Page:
The NHL Media Tour this year involved special events for non-North American media. The League cordially invited us to attend; due to previous engagements we were unable to.
However, Sovetsky Sport's New York reporters Alexander Klamkin and Alisa Volbidakht did, and forwarded the following interview they had with Pavel Datsyuk, who was unable, quite understandably, to talk about anything but the tragedy in Russia.
Here are some excerpts from their talk with the Detroit Red Wings star about the plane crash that took the lives of Lokomotiv Yaroslavl players and coaches:
Q. We were getting ready for this interview for a week now. Thanks to the NHL for organizing it. We wanted to talk about the upcoming season, about the Red Wings' chances of winning the cup, about other teams… But none of it will happen because all of the thoughts are with Lokomotiv.
DATSYUK: "That is all correct. I am in a very bad state. I call my friends in Ekaterinburg, talk to them. Every time they tell me all the details of the Yaroslavl tragedy. They give new information… It all stacks up. It puts on a lot of pressure.
"This morning right before our meeting I watched a requiem on YouTube that was organized in Minsk in remembrance of the hockey players who died. It touched me so deep how people reacted to this tragedy, with the kind of respect they remembered [those] people. It touched my soul.
"But I caught myself thinking that I still cannot believe it. I cannot accept that this actually happened. Only now I am starting to realize that you cannot bring the guys back. I don't want to believe it… But now you have to live with it."
"I still held hope that Ruslan Salei arrived in Minsk ahead of Lokomotiv. That he was not on the doomed flight. I received a lot of messages. Some people wrote that he was alive. Others claimed he was not. There was no certainty.
"But now it was announced with certainty that Salei was on the plane. That's how my last hope died… Although no, not the last hope. I believe that Sasha Galimov will eventually pull through."
We'll pray for him…
"When there is a break, you sit in silence and different thoughts are running [through your head]. You try to remember who from Lokomotiv you knew, who you talked to. Ruslan [Salei] was the closest to me from that team."
We know you were friends with Salei.
"Before he came to Detroit we just knew each other. And during the last season we spent a lot of time together. We sat together on the plane going to away games. We played cards…
"Ruslan is no longer with us…" [Datsyuk sighed heavily]
There was a story that Alexei Kovalev was reminded about: That a few years ago Detroit was also on a charter airplane and the plane lost all of its engines. It was a miracle they were all restarted in the air.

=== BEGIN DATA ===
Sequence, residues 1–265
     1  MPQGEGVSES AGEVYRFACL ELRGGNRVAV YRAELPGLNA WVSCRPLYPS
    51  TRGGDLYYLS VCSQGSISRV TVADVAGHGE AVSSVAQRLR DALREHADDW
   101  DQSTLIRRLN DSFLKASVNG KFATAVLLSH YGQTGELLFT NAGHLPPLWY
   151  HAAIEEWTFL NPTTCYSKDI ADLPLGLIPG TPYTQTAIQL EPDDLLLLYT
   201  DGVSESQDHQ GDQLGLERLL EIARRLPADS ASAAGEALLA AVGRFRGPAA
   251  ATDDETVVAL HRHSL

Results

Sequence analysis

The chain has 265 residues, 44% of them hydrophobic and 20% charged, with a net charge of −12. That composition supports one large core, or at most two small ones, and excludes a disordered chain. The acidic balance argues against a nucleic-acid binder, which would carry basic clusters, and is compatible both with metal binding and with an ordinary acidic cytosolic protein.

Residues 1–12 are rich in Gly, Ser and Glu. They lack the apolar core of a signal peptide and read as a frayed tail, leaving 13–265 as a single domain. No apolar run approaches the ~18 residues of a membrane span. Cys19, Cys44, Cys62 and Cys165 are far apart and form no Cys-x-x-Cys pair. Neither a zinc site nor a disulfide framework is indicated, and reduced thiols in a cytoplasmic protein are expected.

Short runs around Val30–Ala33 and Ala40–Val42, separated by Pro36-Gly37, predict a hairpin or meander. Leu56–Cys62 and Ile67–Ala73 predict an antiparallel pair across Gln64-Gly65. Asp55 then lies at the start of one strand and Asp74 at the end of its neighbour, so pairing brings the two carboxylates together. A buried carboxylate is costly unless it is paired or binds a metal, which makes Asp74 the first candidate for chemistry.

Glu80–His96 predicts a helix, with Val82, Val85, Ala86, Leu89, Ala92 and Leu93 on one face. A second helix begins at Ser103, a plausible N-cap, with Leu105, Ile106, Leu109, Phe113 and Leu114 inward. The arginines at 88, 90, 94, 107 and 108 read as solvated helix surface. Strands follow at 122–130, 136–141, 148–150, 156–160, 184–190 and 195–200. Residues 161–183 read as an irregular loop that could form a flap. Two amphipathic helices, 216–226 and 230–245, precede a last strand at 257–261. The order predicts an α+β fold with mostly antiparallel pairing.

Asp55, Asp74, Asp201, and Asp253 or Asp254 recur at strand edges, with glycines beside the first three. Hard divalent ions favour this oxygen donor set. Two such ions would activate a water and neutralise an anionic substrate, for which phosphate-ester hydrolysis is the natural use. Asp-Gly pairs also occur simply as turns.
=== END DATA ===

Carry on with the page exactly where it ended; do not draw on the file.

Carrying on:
"Everything is correct but the date. It wasn't a few years ago, but before I joined the team. I think it was either 1999 or 2000.
"But there was another incident when I was here. Detroit's plane wanted to land in Buffalo in bad weather. It was very scary then… [Datsyuk searched for the words] Scary."
What was the guys' reaction on board?
"I can't talk for everyone. But I got a feeling that you should treasure your life more. Perhaps these things happen by the will of someone from above. To ensure we don't forget that we are all under one God."
A lot of players may not even consider the KHL as an option after this. I know that your former Detroit coach Brad McCrimmon listened to advice from one of his friends before signing a contract with Lokomotiv. 'The only thing that I am worried about in Russia is airplane trips.'
[At this moment Datsyuk's assistant Danya, made the following remark: "By the way, the plane Detroit flies on is older than that 17 year old Yak-42." Datsyuk nodded in agreement.]
Could the crash hurt KHL's image? A lot of foreigners reluctantly go to Russia even now. Jarkko Ruutu for example signed a contract with Finnish Jokerit and openly said that he was offered 10 times more in the KHL.
"To be honest, I don't have any desire to talk neither about the KHL, nor about the League's image. Not at this time…
"But it is not a secret that NHLers go to Russia with big reservations. There is a lot of different information floating around.
"As far as McCrimmon, he went to Lokomotiv not for the money, but because he had dreamt of trying himself as a head coach for a very long time. He worked for Detroit for a few years together with Mike Babcock. He acquired a lot of knowledge. He had a desire to use it in real life. That's why Brad went to Russia.
"He didn't look at the quality of airplanes. McCrimmon's main goal was to prove himself, to gain confidence in his own strengths."
• • •
At the end Datsyuk said that there are no other topics he could talk about. With another heavy sigh he said, "I cannot even imagine what's going to happen next… I don't even know if Lokomotiv will play this season and if fans would want to embrace another team, when the wound in their hearts is so fresh. You need to ask people this question."